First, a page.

Optimising gene therapy product development processes for manufacturing

As development progresses, attention shifts from efficacy to scaling-up production in a cost-efficient way. The complexity and time-consuming nature of optimising the production and purification process pose challenges, with downstream enrichment adding to the high cost of goods. Given the complexity of gene therapies, beginning this troubleshooting early in development can be beneficial, yet, optimising research processes for large-scale and GMP applications presents additional difficulties.

AI algorithms can help identify capsid variants that are highly manufacturable or perform simulations of the manufacturing process early in development to help identify issues before they are encountered later, during pre-clinical or clinical testing.

Expediting regulatory filings for initial human trials

For gene therapy companies, considering these recommendations early in the development of gene therapies will be necessary for a successful path to market, particularly as the FDA formulates its position on protecting the safety of clinical trial participants and manufacturing protocols.

Clinical holds for gene therapies are often due to incomplete Investigational New Drug (IND) applications that need a manufacturing section that communicates the precise composition and attributes of these therapies. Integration of vertical AI to streamline these product characterisation processes will aid in developing a well-defined and organised manufacturing protocol and analytical standard presentations will help to get your gene therapy through the IND approval process. Moreover, GenAI solutions that streamline the creation and management of regulatory documents, will ensure adherence to industry standards, but also alleviate the manual labour burden.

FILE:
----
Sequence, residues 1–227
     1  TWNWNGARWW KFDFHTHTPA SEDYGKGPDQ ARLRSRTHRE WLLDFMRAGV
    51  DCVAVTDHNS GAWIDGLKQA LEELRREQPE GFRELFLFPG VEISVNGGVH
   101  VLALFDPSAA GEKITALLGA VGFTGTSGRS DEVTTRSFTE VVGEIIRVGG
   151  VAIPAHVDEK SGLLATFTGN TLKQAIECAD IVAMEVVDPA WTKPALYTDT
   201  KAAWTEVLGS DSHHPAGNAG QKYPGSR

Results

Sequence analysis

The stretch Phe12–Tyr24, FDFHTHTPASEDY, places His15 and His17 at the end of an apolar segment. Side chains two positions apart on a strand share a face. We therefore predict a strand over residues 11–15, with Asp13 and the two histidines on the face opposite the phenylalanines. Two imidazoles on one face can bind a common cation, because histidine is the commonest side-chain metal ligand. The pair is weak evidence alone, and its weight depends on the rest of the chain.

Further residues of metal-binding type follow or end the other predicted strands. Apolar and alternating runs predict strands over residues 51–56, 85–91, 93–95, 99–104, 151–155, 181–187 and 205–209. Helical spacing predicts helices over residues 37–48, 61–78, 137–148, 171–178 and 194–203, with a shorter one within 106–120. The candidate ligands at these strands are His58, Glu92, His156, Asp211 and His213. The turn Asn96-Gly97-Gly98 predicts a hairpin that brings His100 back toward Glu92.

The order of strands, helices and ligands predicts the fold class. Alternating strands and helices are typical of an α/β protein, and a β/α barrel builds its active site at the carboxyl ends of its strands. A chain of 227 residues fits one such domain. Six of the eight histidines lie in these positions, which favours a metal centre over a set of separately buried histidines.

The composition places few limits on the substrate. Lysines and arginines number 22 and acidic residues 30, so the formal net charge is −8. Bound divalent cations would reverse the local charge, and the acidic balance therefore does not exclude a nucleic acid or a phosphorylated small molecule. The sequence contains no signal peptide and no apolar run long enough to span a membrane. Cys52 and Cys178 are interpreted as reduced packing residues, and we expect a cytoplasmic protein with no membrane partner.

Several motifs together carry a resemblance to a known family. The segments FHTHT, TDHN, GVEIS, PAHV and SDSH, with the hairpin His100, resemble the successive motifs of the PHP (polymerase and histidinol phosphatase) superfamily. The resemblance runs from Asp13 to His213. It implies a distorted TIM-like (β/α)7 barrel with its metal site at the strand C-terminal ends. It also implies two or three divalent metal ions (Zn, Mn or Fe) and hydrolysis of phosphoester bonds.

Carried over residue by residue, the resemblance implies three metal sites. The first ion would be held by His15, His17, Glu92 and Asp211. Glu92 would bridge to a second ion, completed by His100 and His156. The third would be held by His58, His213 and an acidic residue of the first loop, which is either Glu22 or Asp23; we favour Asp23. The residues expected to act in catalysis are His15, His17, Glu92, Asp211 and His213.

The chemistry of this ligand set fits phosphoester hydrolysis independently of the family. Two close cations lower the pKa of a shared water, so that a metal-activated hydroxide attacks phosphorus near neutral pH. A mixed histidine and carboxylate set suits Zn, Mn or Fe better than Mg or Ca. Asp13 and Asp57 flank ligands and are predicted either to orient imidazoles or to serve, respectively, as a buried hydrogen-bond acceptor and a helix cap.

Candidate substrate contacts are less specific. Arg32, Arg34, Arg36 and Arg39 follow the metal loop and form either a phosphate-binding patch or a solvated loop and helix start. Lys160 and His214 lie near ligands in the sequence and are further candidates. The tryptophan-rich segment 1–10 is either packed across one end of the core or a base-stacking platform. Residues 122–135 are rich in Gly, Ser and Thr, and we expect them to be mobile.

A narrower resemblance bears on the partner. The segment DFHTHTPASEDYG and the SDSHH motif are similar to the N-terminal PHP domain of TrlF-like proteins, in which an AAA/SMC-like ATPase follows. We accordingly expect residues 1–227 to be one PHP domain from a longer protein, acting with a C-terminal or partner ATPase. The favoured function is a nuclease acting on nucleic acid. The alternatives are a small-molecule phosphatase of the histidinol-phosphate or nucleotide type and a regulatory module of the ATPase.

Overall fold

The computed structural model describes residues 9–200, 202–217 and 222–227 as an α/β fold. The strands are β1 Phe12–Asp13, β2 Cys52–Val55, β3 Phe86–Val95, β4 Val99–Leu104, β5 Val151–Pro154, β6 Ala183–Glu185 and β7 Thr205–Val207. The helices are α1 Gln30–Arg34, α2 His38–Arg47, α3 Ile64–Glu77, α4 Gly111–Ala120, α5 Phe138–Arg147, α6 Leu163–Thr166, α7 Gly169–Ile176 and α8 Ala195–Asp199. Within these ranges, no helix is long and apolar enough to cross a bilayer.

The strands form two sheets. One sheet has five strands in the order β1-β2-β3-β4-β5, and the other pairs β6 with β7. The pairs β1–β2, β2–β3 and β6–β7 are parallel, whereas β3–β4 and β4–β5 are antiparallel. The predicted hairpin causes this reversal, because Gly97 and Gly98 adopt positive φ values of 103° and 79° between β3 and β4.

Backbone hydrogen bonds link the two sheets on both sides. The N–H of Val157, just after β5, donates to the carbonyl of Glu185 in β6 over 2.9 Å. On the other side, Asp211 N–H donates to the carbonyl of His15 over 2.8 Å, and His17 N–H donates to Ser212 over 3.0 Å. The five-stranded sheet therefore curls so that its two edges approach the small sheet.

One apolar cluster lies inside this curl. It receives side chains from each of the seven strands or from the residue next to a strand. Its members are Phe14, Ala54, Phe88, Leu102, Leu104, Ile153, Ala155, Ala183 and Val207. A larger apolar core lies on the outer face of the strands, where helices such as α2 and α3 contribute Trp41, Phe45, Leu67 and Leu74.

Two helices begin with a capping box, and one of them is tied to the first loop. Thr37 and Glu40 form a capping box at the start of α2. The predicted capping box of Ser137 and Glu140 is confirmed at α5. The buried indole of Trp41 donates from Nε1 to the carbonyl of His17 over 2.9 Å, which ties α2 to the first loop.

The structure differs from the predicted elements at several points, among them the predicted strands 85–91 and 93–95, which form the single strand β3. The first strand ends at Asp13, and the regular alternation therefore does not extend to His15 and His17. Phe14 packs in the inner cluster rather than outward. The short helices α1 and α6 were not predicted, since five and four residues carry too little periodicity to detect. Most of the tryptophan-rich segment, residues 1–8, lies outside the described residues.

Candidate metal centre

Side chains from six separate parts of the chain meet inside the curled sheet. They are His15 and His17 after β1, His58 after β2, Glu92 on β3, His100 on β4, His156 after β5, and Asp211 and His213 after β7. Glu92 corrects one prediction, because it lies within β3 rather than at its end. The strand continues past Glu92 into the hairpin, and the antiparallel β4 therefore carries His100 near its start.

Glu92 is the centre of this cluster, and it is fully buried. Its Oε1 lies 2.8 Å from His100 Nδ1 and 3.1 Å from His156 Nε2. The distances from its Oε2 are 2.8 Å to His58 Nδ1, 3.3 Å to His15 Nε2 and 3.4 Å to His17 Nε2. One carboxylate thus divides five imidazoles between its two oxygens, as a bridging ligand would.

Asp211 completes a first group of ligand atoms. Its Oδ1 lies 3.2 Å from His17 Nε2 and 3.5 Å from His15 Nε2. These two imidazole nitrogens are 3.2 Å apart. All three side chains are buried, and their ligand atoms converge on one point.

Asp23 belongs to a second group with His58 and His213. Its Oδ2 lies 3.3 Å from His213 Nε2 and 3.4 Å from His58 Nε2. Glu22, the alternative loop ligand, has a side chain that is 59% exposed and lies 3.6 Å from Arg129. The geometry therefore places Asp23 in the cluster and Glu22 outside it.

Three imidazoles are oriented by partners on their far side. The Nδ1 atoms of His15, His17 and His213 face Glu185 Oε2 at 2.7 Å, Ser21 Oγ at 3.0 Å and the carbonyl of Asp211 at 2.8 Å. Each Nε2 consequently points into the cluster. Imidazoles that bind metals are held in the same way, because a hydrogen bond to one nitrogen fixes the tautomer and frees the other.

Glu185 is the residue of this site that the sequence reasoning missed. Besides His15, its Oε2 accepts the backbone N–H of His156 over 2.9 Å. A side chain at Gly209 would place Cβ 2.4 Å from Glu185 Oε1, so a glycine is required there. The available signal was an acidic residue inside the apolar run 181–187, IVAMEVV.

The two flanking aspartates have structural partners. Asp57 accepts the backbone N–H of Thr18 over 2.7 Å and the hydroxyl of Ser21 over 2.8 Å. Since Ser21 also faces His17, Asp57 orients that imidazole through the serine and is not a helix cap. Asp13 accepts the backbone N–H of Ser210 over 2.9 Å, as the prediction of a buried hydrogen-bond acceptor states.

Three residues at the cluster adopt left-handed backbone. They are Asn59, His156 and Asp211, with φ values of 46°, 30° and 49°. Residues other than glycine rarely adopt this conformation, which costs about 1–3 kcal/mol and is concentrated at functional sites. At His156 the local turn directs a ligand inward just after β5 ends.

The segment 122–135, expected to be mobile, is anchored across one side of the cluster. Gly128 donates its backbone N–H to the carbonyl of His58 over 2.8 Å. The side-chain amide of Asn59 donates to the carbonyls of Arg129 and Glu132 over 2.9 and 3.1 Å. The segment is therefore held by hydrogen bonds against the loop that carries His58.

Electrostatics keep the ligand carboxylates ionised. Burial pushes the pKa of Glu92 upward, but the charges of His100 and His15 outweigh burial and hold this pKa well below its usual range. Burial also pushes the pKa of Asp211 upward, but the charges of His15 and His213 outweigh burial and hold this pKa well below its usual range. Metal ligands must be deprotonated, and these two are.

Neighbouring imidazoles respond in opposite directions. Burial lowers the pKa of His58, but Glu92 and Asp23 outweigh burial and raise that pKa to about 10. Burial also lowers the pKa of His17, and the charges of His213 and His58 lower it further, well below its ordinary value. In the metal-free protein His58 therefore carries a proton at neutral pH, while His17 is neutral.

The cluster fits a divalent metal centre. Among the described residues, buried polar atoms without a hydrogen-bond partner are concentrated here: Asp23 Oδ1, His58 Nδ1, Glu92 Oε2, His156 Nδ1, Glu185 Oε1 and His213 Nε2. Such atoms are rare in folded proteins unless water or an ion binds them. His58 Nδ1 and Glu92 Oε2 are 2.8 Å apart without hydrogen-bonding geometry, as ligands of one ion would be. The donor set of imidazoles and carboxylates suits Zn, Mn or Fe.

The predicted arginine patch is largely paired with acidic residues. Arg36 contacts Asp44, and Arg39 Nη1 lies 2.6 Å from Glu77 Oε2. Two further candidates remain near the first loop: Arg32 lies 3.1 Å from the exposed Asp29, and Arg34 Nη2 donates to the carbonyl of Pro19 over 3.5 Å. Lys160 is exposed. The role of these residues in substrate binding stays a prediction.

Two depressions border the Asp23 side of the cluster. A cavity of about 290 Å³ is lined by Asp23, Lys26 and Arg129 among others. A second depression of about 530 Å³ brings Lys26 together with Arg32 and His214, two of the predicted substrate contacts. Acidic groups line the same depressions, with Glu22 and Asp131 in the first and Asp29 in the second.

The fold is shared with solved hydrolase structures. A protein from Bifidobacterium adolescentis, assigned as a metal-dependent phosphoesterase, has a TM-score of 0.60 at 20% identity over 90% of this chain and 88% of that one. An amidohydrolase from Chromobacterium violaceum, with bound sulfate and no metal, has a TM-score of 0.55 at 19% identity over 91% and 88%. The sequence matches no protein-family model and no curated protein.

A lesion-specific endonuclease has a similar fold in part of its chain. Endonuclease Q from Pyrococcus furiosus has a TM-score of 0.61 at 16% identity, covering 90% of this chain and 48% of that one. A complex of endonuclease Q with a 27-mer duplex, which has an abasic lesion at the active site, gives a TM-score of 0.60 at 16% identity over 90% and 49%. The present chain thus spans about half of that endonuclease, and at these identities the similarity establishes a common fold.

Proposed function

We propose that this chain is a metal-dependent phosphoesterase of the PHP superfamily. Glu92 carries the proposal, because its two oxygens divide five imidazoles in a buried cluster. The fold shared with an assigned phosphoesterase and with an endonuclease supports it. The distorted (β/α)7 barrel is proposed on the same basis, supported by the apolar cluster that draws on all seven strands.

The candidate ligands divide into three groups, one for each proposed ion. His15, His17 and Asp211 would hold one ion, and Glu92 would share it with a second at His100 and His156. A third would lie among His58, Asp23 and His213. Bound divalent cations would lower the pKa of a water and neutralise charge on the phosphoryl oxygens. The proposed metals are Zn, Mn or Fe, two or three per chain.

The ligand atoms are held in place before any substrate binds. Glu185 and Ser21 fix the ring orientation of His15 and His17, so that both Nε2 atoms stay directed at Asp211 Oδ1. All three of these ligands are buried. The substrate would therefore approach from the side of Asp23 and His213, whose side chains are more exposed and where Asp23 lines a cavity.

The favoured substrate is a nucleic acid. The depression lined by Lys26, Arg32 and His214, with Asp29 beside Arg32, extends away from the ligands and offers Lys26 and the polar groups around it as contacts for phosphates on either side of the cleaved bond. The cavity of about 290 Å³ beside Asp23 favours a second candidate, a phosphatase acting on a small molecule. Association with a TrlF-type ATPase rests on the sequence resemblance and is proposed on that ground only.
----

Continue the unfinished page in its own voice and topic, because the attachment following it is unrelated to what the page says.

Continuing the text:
Focused enrolment for clinical trials benefitting eligible patients

Recruiting patients for gene therapy trials, primarily targeting rare diseases, often proves challenging due to the life-threatening nature of these disorders, and ethical concerns about placebo control arms. AI, especially LLM, can be pivotal in identifying suitable patient cohorts, as LLM analyses unstructured medical data to pinpoint individuals meeting trial criteria, expediting recruitment by alerting healthcare professionals and patients.

What’s next for AI in gene therapy research and development?

With the above use cases, it’s clear that AI is positioned strategically to accelerate gene therapy development and we’re starting to learn the extent of improvement that AI will offer, so we can create realistic goals. But what are the next steps, and how can developers practically implement AI in their current workflows and ongoing programmes? Transitions are never easy; finding an in silico partner with a standardised and scalable approach is essential. As AI continues to advance gene therapy, more pragmatic points of initiation in R&D will emerge, further facilitating lower costs and more rapid development.

Andrew Busey
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Andrew Busey
19 January, 2024